Tuesday, November 17, 2009
Medical Screening Exams
At our facility, the RN's perform the Medical Screening Exam (MSE for short). An MSE is the initial exam you receive in the ER to determine if your need is emergent or non emergent. This must be done before any financial information is requested from the patient (such as insurance info). Basically, it's a quick assessment and any testing that may be needed (such as a quick lab draw or xray) to determine if you truly need to be seen and use up ER resources. An MSE is required by our government so that we don't dump you on some other hospital or refuse to treat your emergency if you don't have insurance.
Let us discuss......
Because some things drive me to drink and this is one of them.
#1 - This does not, I repeat, NOT mean that you are entitled to a free ER visit. We DO get to charge you. We just cannot ask for financial info until after the MSE. Some hospitals happen to not charge for MSE's that are not seen by a physician, but every facility is different and can choose what they charge for.
#2 - An MSE is NOT an ER visit. It is a screening to determine if your situation is emergent or not. Emergent means life or limb threatening, or acute pain. Example: A stroke is emergent. A sprained ankle is not.
#3 - If we deem your visit as non emergent, we do have the right to tell you so. We also may tell you (but not always) that there is NO need for you to be seen in the ER and that you should follow up with your primary provider. Follow ups can even wait until Monday. Yes - they can. If you are seen in the ER anyway (either because you insist on it or because the facility allows it), you will probably have a tremendously long wait (think 6-8 hrs) because the emergent patients come first. You come last. Sorry, that's just the way it is.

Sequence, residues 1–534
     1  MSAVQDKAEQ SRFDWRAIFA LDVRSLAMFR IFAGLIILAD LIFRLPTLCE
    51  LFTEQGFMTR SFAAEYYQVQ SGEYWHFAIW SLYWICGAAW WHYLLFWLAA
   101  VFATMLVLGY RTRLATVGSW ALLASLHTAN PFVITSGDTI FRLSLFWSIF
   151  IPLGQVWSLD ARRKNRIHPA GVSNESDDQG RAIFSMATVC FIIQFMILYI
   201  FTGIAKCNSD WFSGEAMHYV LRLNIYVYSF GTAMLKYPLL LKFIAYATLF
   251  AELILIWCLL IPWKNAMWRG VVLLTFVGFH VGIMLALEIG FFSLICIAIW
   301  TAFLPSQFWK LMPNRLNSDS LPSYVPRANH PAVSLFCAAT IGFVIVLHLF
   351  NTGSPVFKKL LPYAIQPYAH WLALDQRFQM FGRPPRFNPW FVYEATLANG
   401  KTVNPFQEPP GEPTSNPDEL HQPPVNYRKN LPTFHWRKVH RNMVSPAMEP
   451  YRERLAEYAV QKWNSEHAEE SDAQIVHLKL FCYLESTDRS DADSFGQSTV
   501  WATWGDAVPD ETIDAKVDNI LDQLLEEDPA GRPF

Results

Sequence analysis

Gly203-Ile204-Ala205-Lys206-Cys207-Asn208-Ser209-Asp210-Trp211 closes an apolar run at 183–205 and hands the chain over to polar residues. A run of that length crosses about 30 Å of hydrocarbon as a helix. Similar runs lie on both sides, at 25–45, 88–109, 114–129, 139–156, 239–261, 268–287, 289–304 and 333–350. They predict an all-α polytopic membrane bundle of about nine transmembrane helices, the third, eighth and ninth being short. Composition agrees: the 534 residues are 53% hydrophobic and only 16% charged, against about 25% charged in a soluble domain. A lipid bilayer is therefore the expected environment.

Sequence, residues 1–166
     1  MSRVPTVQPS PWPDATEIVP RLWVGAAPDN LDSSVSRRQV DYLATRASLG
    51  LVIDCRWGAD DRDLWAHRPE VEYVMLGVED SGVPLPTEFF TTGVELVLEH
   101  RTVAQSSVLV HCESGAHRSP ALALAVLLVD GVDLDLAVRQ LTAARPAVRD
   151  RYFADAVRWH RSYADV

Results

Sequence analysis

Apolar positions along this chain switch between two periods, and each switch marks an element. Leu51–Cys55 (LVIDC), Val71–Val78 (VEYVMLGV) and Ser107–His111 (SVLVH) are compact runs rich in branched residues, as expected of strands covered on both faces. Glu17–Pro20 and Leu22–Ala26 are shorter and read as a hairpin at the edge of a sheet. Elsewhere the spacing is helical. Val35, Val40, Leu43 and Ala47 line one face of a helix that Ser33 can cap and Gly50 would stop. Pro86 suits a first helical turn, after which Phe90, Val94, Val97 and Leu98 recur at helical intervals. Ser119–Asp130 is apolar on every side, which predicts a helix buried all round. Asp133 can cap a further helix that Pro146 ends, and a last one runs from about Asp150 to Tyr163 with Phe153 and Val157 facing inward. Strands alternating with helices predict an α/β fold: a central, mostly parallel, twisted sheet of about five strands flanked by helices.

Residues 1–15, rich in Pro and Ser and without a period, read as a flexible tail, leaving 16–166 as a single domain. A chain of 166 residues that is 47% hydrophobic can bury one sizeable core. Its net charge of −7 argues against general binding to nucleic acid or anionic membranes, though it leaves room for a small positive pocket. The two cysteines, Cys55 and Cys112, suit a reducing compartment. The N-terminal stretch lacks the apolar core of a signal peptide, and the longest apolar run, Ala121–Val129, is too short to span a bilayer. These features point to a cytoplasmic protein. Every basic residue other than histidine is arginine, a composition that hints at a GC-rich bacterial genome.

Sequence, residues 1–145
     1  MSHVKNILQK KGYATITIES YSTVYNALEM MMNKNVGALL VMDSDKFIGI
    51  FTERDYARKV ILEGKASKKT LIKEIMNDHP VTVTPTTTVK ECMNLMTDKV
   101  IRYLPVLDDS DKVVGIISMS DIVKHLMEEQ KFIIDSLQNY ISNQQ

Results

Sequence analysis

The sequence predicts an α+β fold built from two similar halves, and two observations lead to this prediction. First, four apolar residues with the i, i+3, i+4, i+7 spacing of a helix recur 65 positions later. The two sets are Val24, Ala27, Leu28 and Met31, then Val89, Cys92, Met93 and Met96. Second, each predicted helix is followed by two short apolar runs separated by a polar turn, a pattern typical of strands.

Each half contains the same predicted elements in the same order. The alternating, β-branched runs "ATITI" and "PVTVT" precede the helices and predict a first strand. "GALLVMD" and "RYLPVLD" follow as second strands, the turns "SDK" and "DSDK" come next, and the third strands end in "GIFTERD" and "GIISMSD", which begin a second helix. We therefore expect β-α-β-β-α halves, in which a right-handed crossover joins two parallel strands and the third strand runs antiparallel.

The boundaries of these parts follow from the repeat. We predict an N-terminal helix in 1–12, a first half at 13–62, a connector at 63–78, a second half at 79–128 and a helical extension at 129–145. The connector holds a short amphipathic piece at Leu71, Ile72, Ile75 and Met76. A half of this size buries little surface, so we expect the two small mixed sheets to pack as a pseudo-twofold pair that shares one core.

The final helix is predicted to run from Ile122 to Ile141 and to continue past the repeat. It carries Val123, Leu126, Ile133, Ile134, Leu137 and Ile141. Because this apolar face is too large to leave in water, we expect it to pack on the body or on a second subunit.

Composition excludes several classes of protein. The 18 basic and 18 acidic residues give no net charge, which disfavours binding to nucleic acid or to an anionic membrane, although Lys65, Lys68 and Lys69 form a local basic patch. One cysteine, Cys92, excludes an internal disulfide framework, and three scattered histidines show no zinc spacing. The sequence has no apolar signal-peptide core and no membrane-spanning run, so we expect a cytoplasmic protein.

#4 - If you do not have a primary provider - get one. If you do not have insurance to see a primary provider, what makes you think that going to an ER will be any cheaper? We are usually 4 or 5 times the cost of going to a doctor's office. Example: office visit for sprained ankle approx $100. ER visit for sprained ankle approx $600. Most physician's offices will work with you to arrange payment options. Yes, even those that ask for money up front.
Side vent - for those who say they cannot get in to see a physician because they have not established previously with the practice, take the time to do so on a day you have some free time. That makes it so much easier for you to get that appointment for a sore throat when you call the doctor's office. If they already have seen you and you've established care, they can put you into the open slots they save for daily immediate care cases.
#5 - We'll ask for money too. We just won't ask until the MSE is complete. That means we may tell you that you need to pay your $100 copay (average ER copay) up front before being seen any further. Yes, we are an ER but we are also a business.
#6 - If your visit is deemed Emergent, then you will be seen regardless of insurance, ability to pay, or any other defined item. You will be taken care of. Period. But...... it is our decision to make. Not yours.
#7 - Even if a physician performs your MSE, these same rules apply.
Now let's move on to the nurses, because we have some stuff to learn too.
SHHH - don't tell anyone I said that out loud.
#1 - Not every person needs to be seen in the ER. It is OKAY to MSE them and discharge them out of the ER for follow up with their primary provider.
#2 - YES - even if they have no insurance to be seen at a clinic. Do you think that means we'll ever get paid? We do not (yet) get government reimbursement for non emergent visits.
#3 - Standing Orders may be used for MSE's. As long as your policy says so, then do so. Think of it this way - if you have a Chest Pain come in, do you wait for the MD to come up from the cafeteria and give you an order for an EKG before you do one? Didn't think so. I bet you use your cardiac standing order sets (or some such name).
#4 - And for you overachievers out there....... when in doubt, have them seen by the ER doc. We are not allowed to diagnose a patient. Remember your scope of practice.
#5 - Last but not least, an MSE is a whole different monster than Triage. Triage determines who should be seen in what order. An MSE determines if they should be seen at all.
Of note for all you medical peeps out there: Our state has determined that it is within the Scope of Practice for an RN to perform Medical Screening Exams as long as a proper orientation and monitoring program is set up and followed.
And apparently I am supposed to remind you that this is my OPINION and not a teaching tool for MSE's. If you'd like a teaching tool, you may contact me via email and I will share our MSE orientation packet and monitoring program. It's not big, nor is it impressive. Just warning you now.
Alrighty then, I am off to pour a glass of vino because just typing this out made my head hurt.